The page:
For example, if money is going to a fossil fuel company, we could be simplistic and calculate all of it as being allocated to fossil fuel financing. But if we know the company makes 10 per cent of its revenue from clean energy, we can make an adjustment on this basis.
RAN scooped us a couple of months ago – together with the Sierra Club, BankTrack and Fair Finance International it published its own version of this kind of analysis. For the first time, this studied clean energy and fossil fuel investment together, with their own ratios. This shows that others are appreciating the nuances required. Hopefully, the narrative is changing for the better as a result of this work.
Are GFANZ or NZBA using the data?
ROOZE Not formally, but we appreciate their input into the report. There is a hope that what we are doing here will change the narrative to some degree – but at the moment there is no formal use of our ratios. We have presented to the board of the NZBA about this work.
How did you incorporate green, social and sustainability bond issuance in your analysis?
ROOZE We looked at use of proceeds (UOP) and we only picked up those that were relevant from an energy supply perspective. The UOP is at the framework level – it is stated up front by the issuer, ahead of bond issuance.
The language on UOP tends to be quite broad, generally including a few themes. If, for example, two out of six potential UOPs relate to energy supply, we used this to calculate how much of a bond issue goes into our numbers. For sustainability-linked issuance, which is for general corporate purposes, the amount is calculated based on the entity – apportioned either by its revenue split or more detailed data if we have it.
We tried to do some work to compare what we were doing to what the banks are disclosing on strategy, commitments and current activity. It is almost impossible, though – because they are all measuring things differently.
Most of the time, emissions strategies will have a sustainable financing target that is all-encompassing. A bank will say, for example, that it is putting US$1 trillion into sustainable financing. But this could be anything. It may be fine – but how do we track it? Meanwhile, maximising what a bank is financing in sustainable debt doesn’t mean it is maximising the sustainable things it is doing overall.
The market is effectively going through a correction right now, for good reason. The volume of sustainable debt dropped last year. This was alongside a fall in debt issuance as a whole, but I believe the fall in UOP and sustainability-linked issuance also happened because market participants have started to realise that nuance and detail is important and not everything labelled is great.
How do Australian Banks fare?
Australian banks compare relatively well with global peers when it comes to energy supply financing measured by bank headquarters. However, not all of the big four Australian banks fare the same under BloombergNEF’s energy supply banking ratio (ESBR) (see chart 2).
ROOZE Generally, there has been a good reaction. Banks want to know how they compare and some are nervous. But overall the reaction has been quite positive – they realise there is a need for this kind of analysis.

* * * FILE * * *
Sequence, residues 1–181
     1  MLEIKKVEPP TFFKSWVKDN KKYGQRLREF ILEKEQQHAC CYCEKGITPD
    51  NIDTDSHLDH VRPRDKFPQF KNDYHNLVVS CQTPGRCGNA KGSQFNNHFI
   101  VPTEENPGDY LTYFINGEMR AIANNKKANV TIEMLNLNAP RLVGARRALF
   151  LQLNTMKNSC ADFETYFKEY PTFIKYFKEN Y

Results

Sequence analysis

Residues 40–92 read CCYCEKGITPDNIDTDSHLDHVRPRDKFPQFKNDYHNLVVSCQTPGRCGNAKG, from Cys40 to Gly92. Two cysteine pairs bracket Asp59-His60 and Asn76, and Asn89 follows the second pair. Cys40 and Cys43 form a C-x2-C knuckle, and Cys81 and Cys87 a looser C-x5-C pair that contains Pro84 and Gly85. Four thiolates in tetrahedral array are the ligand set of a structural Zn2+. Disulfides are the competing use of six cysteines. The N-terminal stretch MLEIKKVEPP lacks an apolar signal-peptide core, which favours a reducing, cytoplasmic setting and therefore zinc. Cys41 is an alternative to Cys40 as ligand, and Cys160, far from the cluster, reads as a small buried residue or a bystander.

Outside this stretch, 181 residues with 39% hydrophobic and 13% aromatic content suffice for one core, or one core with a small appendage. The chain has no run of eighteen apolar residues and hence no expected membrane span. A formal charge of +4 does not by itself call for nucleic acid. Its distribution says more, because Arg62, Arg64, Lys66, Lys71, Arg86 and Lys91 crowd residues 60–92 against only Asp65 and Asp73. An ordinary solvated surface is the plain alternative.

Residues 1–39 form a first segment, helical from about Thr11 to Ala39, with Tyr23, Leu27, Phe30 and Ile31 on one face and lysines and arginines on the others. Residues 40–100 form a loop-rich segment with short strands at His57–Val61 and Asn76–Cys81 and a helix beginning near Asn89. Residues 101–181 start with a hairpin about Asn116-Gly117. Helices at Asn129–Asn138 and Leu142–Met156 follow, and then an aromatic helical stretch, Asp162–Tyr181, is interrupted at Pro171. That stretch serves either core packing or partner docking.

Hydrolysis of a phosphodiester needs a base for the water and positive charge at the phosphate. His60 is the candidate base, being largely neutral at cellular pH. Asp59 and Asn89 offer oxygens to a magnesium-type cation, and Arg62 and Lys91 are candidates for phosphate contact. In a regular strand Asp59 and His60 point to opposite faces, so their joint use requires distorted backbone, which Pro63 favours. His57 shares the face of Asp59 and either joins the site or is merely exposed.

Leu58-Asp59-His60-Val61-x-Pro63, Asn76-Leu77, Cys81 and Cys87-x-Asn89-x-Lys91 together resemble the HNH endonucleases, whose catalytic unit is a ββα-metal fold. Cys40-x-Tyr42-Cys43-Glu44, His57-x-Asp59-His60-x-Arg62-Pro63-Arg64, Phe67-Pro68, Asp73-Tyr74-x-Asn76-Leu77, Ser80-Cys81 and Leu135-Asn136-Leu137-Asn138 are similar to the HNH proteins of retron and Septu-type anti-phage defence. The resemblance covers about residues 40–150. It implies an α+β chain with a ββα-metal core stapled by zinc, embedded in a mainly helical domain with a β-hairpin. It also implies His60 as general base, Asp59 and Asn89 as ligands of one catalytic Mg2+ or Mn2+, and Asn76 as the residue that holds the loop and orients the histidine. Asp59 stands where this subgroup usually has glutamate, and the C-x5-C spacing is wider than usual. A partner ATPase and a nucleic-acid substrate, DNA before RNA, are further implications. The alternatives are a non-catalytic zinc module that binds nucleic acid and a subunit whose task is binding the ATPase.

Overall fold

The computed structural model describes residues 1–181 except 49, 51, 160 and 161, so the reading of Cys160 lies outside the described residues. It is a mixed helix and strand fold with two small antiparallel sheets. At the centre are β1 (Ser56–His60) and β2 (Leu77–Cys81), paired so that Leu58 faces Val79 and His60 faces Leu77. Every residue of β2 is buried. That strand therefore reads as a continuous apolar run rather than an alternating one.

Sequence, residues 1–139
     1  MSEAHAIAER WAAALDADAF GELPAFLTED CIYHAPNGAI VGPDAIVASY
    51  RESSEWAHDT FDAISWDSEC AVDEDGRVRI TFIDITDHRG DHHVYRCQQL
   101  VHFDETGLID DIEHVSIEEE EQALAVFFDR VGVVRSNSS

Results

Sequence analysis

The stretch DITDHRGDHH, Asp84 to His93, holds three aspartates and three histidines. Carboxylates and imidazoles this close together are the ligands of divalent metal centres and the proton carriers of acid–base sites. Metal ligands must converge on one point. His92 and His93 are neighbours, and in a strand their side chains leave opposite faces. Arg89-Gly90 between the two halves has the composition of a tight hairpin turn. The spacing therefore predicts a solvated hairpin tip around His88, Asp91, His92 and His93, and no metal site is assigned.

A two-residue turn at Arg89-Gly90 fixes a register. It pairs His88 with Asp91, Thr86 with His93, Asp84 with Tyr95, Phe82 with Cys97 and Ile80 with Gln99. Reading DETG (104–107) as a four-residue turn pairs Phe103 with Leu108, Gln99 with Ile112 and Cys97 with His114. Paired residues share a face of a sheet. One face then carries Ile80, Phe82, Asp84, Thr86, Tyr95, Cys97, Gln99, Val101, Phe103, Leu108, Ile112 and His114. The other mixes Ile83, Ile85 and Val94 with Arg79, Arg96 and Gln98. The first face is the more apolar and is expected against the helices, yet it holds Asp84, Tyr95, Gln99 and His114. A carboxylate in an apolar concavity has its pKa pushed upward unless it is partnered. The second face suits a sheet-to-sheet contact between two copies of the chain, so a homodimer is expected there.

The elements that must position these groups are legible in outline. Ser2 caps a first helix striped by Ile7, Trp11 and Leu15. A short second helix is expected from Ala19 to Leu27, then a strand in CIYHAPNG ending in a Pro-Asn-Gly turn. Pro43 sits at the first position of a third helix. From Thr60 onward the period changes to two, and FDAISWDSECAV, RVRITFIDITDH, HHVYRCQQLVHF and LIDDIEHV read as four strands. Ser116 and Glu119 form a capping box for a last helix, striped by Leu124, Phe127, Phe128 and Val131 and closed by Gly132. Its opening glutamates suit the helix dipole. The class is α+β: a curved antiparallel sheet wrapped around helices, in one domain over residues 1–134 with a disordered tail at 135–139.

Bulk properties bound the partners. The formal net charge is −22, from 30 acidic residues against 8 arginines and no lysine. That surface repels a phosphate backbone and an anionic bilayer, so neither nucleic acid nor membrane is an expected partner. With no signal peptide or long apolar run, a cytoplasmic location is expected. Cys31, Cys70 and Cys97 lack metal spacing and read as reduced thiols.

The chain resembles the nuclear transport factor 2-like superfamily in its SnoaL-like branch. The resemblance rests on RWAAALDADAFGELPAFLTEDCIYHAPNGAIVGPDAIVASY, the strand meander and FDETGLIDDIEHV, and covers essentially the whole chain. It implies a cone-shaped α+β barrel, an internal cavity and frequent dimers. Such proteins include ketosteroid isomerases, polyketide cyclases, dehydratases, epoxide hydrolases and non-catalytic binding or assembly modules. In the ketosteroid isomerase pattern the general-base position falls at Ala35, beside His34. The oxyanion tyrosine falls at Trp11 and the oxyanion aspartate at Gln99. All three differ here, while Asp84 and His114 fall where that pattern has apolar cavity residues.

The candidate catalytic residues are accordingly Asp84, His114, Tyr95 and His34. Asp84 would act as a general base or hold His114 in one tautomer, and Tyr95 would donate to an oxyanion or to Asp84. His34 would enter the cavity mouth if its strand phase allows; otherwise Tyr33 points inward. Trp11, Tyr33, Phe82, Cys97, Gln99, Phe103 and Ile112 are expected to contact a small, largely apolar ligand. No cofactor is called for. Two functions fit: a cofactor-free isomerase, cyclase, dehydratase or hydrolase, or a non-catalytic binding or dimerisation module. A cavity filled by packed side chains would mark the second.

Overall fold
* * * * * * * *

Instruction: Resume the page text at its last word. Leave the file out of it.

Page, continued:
At the moment, the metric for success is financed emissions. But the only incentive financed emissions creates is to get fossil fuel investments off the books. This doesn’t necessarily change the world. Banks are also living in a world where a new report about their level of financing to fossil fuels comes out every two or three months.
ROOZE The report shows that all regions but Europe have an ESBR below 1:1. Europe’s ratio is 2.6:1, while that for North America and China is 0.6:1, and Asia Pacific excluding China has a ratio of 0.8:1. When it comes to energy supply financing by bank headquarters in 2021, North American headquartered banks have an ESBR of 0.7:1, European banks have an ESBR of 1.4:1, and Asia Pacific excluding China banks’ ESBR is 0.7:1. Australian banks are included in the Asia Pacific.
We have calculated the overall ESBR for Australian banks specifically: the big four plus “others”. The Australian bank ESBR is 1.3:1, while by region of risk Australia has a ratio of 0.6:1. The ESBR of 1.3:1 is closer to Europe’s ratio than other regions.
This mirrors other data I have looked at, such as sustainable debt issuance, fund flows and alignment to the Taskforce on Climate-Related Financial Disclosures – where Australian banks are behaving more like Europe than other countries in the Asian region.
ROOZE The EBSR starts to expose which banks do not have the capability one would hope for to finance clean energy. The ones with the lowest ratios have the most to do.
There are two ways to improve a ratio: stop financing fossil fuels or finance more clean energy. Stopping fossil fuel financing on its own is not the best way because we need to build out the low-carbon energy system, and in any case a bank would be cutting off its nose to spite its face because it would literally be turning down business.
But if a bank wants to be well positioned for the future and to have an energy underwriting business in the future, it clearly should be ramping up its financing to renewable energy.